Honda Civic conversion

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Tritium_James
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Post by Tritium_James » Sat, 07 Nov 2009, 02:24

Since we've now got this car out and about, it's about time I posted some photos and info...

It's a 2008 model Honda Civic, brand new (10km on the clock) when we started on the conversion for our client, Deep Green Research. We've just got it running (mostly!) and competed in the recent 2009 Global Green Challenge eco race from Darwin - Adelaide, a touch over 3000km. Here's a shot of it driving near Tennant Creek, and a promo shot I took while stopped at the salt flats near Woomera.

Image

Image

The car performed extremely well, and acheived a 360km run (at 55km/h average) in one charge, giving a consuption figure of 85 Wh/km. The Honda aerodynamics are obviously OK, and our drivetrain is extremely efficient. Image

Specs are:
- Custom 650 Nm (at 400Arms), 4500rpm (at 400Vrms) 3 phase ironless BLDC motor with externally switchable series/parallel windings
- Custom 3.5:1 fixed reduction gearbox (wet sump) to existing Honda diff and drive shafts
- Custom 200 kVA liquid cooled 3-phase motor controller
- 108x series connected 90Ah ThuderSky pack (360V nominal)
- Custom BMS reporting voltage and temp of every cell in the pack at a high rate (CAN bus), and resistive shunts for balancing (~1A) at top of charge
- Custom battery safety controller, handling precharge, cell faults, pack isolation fault detection, and reporting min and max voltages to other systems in the car
- Custom driver controls, interfacing to existing Honda fly-by-wire accelerator pedal, brake switches, direction selection pushbuttons, and reverse-engineered comms to the upper gauge cluster, showing temperature, speed and 'fuel' state on the factory Honda cluster.

Here's a few shots of the engine bay:

Image

Image

Image

The batteries are contained in three boxes, with the bulk of them (96 cells) around (front/back) the rear suspension components, below the back seat and the floor of the boot. The remaining 12 cells are in a box where the ICE radiator used to be. The pack connections are inside the "Danger High Voltage" box, along with the battery safety controller, main contactors, DC/DC converter, charger plug, and connection out to the motor controller. Wiring is 35mm² fine stranded double-insulated 110°C PVC. All DC wiring is in orange conduit, and sealed from the weather.

Here's a keyed photo with some of the items of interest:
Image

A: HV connection box, mentioned above.
B: BLDC motor, designed here in Brisbane by Ultramotive Technologies. Air cooled, 650Nm (peak, 10 second rating), >97% efficient at cruise
C: 3.5:1 fixed reduction gearbox
D: 3x 50uH 400A inductors, as the motor does not have enough inductance by itself (it's ironless) to enable the motor controller to regulate current properly
E: 200kVA 3-phase inverter, designed by us (Tritium), also 97-98% efficient for most of a typical drive cycle area
F: Liquid coolant reservoir for inverter, see also pink tubing in various places in this area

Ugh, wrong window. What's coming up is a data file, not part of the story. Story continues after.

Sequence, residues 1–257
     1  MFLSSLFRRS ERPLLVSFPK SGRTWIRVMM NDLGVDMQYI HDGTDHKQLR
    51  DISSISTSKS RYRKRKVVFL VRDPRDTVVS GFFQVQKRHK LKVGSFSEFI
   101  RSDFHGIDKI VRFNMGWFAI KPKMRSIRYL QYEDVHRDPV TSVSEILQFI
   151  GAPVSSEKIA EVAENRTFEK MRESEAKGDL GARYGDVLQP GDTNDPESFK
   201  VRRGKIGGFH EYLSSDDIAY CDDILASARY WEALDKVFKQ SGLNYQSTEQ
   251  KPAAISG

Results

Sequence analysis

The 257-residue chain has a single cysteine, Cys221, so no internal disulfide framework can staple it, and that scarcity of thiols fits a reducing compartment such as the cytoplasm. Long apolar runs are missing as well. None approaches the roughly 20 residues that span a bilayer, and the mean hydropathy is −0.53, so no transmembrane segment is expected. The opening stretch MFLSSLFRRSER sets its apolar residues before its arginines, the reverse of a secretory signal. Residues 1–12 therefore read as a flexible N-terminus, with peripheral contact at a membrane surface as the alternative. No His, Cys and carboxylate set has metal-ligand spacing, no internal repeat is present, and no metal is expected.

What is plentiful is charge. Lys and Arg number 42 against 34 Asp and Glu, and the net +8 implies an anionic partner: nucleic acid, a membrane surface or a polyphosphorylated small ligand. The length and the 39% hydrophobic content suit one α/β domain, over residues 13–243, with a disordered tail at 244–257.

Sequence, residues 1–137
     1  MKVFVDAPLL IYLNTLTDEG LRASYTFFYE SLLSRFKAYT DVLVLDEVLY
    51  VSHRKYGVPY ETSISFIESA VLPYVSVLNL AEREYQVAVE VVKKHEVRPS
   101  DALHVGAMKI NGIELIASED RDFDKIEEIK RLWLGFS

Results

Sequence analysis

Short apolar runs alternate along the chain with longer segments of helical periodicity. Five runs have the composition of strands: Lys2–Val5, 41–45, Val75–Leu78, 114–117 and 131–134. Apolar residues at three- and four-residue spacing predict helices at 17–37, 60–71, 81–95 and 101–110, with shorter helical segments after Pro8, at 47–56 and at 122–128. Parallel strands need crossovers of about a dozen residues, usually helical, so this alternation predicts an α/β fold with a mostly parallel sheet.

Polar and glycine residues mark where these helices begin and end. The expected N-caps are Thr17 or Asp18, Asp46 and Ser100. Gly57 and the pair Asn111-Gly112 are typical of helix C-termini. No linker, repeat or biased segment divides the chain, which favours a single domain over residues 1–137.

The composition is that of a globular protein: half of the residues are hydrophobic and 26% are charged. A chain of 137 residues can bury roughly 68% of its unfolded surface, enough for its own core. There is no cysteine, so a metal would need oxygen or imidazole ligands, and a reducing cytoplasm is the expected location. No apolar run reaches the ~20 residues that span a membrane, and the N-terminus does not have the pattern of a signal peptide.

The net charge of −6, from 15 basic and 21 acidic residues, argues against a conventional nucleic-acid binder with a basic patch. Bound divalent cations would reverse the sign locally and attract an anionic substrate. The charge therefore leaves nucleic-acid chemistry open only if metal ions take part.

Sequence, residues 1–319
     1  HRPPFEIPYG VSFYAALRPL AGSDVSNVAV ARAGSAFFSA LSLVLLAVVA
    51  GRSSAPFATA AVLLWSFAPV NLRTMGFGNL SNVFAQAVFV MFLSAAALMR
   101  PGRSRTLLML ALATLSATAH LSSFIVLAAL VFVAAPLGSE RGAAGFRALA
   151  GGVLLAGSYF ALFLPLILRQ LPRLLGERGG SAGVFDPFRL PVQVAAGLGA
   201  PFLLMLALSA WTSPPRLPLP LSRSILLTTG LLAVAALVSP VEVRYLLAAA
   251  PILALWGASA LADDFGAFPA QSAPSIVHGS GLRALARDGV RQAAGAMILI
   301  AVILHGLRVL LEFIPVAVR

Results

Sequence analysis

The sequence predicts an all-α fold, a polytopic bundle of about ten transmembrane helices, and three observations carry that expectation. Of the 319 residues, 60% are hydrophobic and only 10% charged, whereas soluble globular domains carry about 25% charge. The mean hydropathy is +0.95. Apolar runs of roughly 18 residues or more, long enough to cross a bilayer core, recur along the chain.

Due to lack of testing so far (quite a rush to get it to the Darwin-Adelaide race), the car is not up to full rated current/torque yet, but we're driving it at around 200A in the motor presently, ie 50% of rated. It drives pretty much like a base-model normal car, and when we have it at 100%, should be moderatly quick. Predicted 0-100 is around 9.5 seconds. It's road-registed in Queensland, however as a two seater only.

Some of you saw it in Adelaide last weekend, on show with the solarcars and other eco challenge cars (including a Tesla). I know I spoke to a few AEVA people, but promptly forgot names, sorry!

It will be at the Brisbane City Council GreenHeart Fair, at the Mt Gravatt showgrounds (1644 Logan Rd), this sunday the 8th of November 2009, from around 9am until 3pm or so. Feel free to come along and have a look.


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Post by woody » Sat, 07 Nov 2009, 03:33

Congrats on the successful run!

That motor looks so tasty wrapped in carbon fibre.

Extremely professional looking work in the Civic.
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Post by coulomb » Sat, 07 Nov 2009, 05:06

Wow!   Image   Image

I see a lot of fat wires coming from the motor; are you implementing series/parallel coil connecting in the high voltage box?

Are there three centre tapped coils or something?

Congratulations! Custom, bleeding edge motor, custom controller, custom gearbox, advanced batteries and BMS, water (yummy bubblegum pink) cooled, advanced interface to stock gauges... there is a lot of technology there!

The motor must rev pretty fast (past the 4500 rpm mentioned) to get highway speed from a fixed 12-15:1 overall reduction to the wheels. Hence the need for the custom gearbox, I guess.

Is there air conditioning in there? Power steering? What drives those?

Now I'll be thinking about how to fit that large motor into the next MX-5...
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Post by Tritium_James » Sat, 07 Nov 2009, 14:38